Coronavirus Law Runs Into Opposition

Yesh Atid chairman Yair Lapid to a rally of self-employed and kindergarten owners demanding financial support from the government in the pandemic. (Yonatan Sindel/Flash90)

A “coronavirus law” that would authorize the government to impose emergency measures on the public for up to 10 months will likely encounter vociferous opposition when it comes to the Knesset for debate.

The bill was one of a number of measures mentioned by Israeli Prime Minister Binyamin Netanyahu‏‏ in a speech on Motzoei Shabbos concerning the current uptick in coronavirus cases.

The proposed law would enable the government to impose restrictions on activity in both private and public spaces in accordance with the Public Health Order, regulate operations of public transport and various workplaces, as well as grant the right to declare certain geographical areas as restricted, Ynet reported on Sunday.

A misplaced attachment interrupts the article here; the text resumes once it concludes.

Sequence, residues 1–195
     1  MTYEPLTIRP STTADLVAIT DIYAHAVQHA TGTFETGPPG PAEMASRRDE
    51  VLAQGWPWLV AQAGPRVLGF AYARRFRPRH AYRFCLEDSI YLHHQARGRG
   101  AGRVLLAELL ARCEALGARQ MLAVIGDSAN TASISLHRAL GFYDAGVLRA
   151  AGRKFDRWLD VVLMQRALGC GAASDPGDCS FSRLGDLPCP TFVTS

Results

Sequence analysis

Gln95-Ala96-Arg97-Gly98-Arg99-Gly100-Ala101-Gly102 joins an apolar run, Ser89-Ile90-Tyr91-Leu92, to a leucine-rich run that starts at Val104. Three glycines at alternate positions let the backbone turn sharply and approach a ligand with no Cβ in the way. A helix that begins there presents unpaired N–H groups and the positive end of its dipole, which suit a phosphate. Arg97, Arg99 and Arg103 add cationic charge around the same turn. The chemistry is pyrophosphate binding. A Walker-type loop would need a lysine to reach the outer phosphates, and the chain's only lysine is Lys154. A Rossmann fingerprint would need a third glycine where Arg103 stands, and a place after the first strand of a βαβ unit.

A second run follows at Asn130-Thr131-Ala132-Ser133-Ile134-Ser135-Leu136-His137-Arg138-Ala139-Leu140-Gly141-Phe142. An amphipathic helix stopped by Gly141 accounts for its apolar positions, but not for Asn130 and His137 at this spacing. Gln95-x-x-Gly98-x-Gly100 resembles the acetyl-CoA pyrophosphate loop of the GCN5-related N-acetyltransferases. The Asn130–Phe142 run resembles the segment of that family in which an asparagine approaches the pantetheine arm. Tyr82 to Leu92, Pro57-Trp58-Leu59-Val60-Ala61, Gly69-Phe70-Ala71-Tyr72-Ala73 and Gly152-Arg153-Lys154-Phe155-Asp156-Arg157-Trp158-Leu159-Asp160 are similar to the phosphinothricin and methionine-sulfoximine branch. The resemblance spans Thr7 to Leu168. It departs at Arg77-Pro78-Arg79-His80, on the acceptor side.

Justice Minister Avi Nissenkorn said ministers are set for an “urgent meeting” sometime on Sunday to discuss plans to advance the legislation.

He said the law is meant to “provide the government with effective tools to combat the virus while preserving the rights of individuals.”

Yesh Atid MK Yair Lapid preferred to see it as a tool for repression, warning that it would give the Netanyahu-Gantz government “unnecessarily widespread powers.”

“It makes no sense to give the government such widespread powers for a period of ten months,” said Lapid. “This includes Shin Bet tracking and a possible ban on demonstrations, which are not convenient for the government.”

Meretz Chairman MK Nitzan Horowitz said the bill is “fit for a dictatorship.”

“This law violates individual liberties and fundamental rights such as freedom of speech, freedom of movement and the right to privacy. This law is more dangerous than the coronavirus itself,” he said.